Information current

September 21, 2020

We're in Phase 3 of lifting COVID-19 restrictions. Watch the latest video update.

For non-medical questions, email or phone 1-877-374-0425.

For medical questions or if you feel ill, phone 811, or launch the COVID-19 self-assessment tool.

Camping during COVID-19

  1. Territorial parks and campgrounds
  2. Camping on public land
  3. Backcountry camping
  4. Who to contact if you have safety concerns

The Chief Medical Officer of Health's recommendations and Yukon’s public health orders apply in territorial parks, campgrounds, backcountry camps and on public land.

  1. Territorial parks and campgrounds

    All road-accessible campgrounds are open and camping permits are on sale now.

    Who can use territorial parks and campgrounds

    People who meet the conditions for entry to Yukon, and are not required to self-isolate, are welcome to use territorial parks and campgrounds.

    As of July 1, residents of Yukon, British Columbia, the Northwest Territories and Nunavut can enter Yukon without having to self-isolate if they can:

    • provide ID that proves their residency; and
    • declare they have not been outside those 4 jurisdictions in the past 14 days.

    Who cannot use territorial parks and campgrounds

    • No one can self-isolate in a territorial park or campground.

    • Non-residents who are required by law to travel through Yukon within 24 hours cannot stay or stop in government-run campgrounds.

    Camping is different during COVID-19

    You need to be more self-contained

    • Pre-purchase your camping permit online or at a vendor.
    • Pack everything you need before hitting the road to limit stops in the communities.
    • Only buy supplies in the community if stores are welcoming business.
    • Bring extra water, soap, hand sanitizer and toilet paper.
    • Only camp with members of your social bubble – maximum 1 bubble per campsite.
    • Clean your picnic table before and after you use it.
    • If your RV has a toilet use it and not the outhouse.
    • Follow all park and campground rules.
    • Follow the 6 steps to staying safe.

    What's open now?

    • All road-accessible campgrounds and recreation sites.
    • Outhouses and garbage and recycling bins.
    • Playgrounds, picnic shelters and beaches.
    • Boat launches and docks.
    • Firewood will be provided, when possible.
    • Backcountry camping facilities in Tombstone Territorial Park.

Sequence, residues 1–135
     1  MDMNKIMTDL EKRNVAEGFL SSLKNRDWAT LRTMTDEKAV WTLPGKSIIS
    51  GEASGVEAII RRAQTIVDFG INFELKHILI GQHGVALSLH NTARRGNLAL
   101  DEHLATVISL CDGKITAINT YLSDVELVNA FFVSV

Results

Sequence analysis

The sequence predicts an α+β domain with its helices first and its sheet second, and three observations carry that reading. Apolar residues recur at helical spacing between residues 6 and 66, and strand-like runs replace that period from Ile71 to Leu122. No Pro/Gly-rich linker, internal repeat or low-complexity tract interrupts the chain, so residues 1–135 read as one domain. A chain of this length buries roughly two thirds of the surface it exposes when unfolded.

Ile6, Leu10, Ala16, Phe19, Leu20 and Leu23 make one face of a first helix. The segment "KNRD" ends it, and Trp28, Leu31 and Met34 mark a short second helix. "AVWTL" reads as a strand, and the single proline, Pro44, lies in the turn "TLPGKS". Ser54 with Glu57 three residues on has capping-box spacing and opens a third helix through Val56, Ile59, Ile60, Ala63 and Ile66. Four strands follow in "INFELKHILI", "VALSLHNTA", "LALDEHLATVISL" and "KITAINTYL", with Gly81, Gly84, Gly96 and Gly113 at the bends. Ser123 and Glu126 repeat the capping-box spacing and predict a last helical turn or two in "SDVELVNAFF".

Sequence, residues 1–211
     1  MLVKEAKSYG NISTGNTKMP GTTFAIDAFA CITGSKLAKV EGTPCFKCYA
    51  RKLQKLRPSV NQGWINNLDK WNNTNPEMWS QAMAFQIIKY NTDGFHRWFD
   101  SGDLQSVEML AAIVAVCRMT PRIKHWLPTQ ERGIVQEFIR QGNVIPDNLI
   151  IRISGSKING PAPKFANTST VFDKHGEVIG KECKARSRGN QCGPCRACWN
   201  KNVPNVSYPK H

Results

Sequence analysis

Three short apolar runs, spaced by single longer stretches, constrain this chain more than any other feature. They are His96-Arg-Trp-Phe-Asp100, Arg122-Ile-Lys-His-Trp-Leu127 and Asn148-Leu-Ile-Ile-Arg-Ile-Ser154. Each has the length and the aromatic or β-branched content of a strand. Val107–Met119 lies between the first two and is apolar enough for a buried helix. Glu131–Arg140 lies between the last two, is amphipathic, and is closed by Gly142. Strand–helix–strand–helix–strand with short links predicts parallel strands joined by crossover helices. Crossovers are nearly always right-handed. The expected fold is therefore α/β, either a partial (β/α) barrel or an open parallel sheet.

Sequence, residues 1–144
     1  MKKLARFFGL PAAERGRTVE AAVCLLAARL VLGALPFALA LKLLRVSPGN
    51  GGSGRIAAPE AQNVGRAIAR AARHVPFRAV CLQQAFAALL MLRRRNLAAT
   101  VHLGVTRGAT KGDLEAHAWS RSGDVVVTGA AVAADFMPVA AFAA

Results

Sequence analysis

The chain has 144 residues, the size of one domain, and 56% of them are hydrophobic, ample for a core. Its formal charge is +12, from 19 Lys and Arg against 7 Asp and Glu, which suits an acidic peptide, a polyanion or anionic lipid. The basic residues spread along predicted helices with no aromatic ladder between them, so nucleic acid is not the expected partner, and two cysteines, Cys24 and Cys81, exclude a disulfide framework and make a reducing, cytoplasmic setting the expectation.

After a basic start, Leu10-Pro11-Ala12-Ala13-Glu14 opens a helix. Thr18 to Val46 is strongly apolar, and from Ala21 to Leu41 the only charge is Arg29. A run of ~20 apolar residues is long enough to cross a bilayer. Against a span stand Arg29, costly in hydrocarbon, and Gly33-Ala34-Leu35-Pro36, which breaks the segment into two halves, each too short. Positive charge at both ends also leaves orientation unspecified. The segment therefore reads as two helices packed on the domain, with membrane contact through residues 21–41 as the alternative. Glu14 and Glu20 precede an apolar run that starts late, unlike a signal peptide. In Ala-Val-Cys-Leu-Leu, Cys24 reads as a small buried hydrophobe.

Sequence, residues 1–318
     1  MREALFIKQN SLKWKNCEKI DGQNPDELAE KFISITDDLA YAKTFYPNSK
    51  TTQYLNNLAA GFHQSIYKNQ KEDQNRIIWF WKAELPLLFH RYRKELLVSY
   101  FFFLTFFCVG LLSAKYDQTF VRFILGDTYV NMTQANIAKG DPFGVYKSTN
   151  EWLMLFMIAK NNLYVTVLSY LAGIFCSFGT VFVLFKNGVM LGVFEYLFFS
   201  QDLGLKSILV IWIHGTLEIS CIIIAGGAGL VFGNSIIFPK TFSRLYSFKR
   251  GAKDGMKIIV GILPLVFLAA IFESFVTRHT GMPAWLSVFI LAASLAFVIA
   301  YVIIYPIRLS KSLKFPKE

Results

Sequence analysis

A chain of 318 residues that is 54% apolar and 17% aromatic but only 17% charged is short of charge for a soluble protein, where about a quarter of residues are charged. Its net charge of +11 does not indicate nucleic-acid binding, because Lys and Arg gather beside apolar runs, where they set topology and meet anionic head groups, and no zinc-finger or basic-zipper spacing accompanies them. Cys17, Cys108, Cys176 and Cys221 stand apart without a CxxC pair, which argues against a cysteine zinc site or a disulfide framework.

• Tombstone Interpretive Centre is open daily, from 9 a.m. to 1 p.m.

    What facilities are closed and activities not allowed

    • Special events and in-person interpretive programs are cancelled this year.
  2. Camping on public land

    People may camp on public land for recreational purposes. However, you need authorization under Yukon’s land legislation for permanent occupation of public land.

    Going out on the land

    If you're going out on the land, make sure to find out if the location you plan to camp is on private property or First Nations’ land.

    Where you need permission to camp

    • Private land: ask the landowner
    • Settlement Lands: ask the relevant First Nations government

    Use GeoYukon to view lands maps. 

    More information

    Follow the 6 steps to staying safe

    Find out about physical distancing.

    Find the latest updates on COVID-19.

    Pack out what you packed in

    If you're camping on public land, remember that the law requires you to clean up your garbage and waste. Dispose of RV sewage only at approved facilities or RV dumps. We ask you to follow "leave-no-trace" practices. By planning to leave no trace as you travel, you'll help:

    • keep Yukon green and pristine; and
    • minimize damage to our delicate, slow-growing northern ecosystem.

    Find leave-no-trace principles at leave no trace Canada.


    Campfires are allowed on public land unless there’s a fire ban. Read current information on fire bans and restrictions.

    You can help prevent wildfires by taking the following measures:

    • do not build a fire when it’s windy;
    • build the fire on non-flammable mineral soil at least 3 metres (10 feet) away from flammable vegetation;
    • remove dry leaves, twigs and other flammable material away from the area around your fire;
    • build a fire pit with a ring of rocks;
    • keep a bucket with at least 8 litres (2 gallons) of water and a shovel nearby to extinguish the fire;
    • keep the fire small and never leave it unattended; and
    • put out the campfire before leaving by soaking it with water, stirring and repeating until the ashes are cold to the touch.

    Learn more about preventing wildfires.

    Parks Canada sites

    Please visit these websites for the latest Parks Canada information:

  3. Backcountry camping

    At this time, people can camp in the backcountry. You cannot self-isolate in the backcountry.

  4. Who to contact if you have safety concerns

    Parks staff are monitoring parks and campgrounds.

    Report a possible infraction of a Civil Emergency Measures Act Order
    Phone: 1-877-374-0425.

    Police, fire and ambulance
    Phone: 911 or 1-867-667-5555

    Park officer
    Phone: 1-867-456-3974

    Phone: 1-888-789-FIRE (3473)

    Turn in Poachers and Polluters
    Phone: 1-800-661-0525

    Spill Line
    Phone: 1-867-667-7244


If you have questions about territorial campgrounds or parks, email or phone 867-667-5648, toll free in Yukon 1-800-661-0408, extension 5648.

If you have questions about camping on public land, phone the Land Management Branch: 867-667-5215.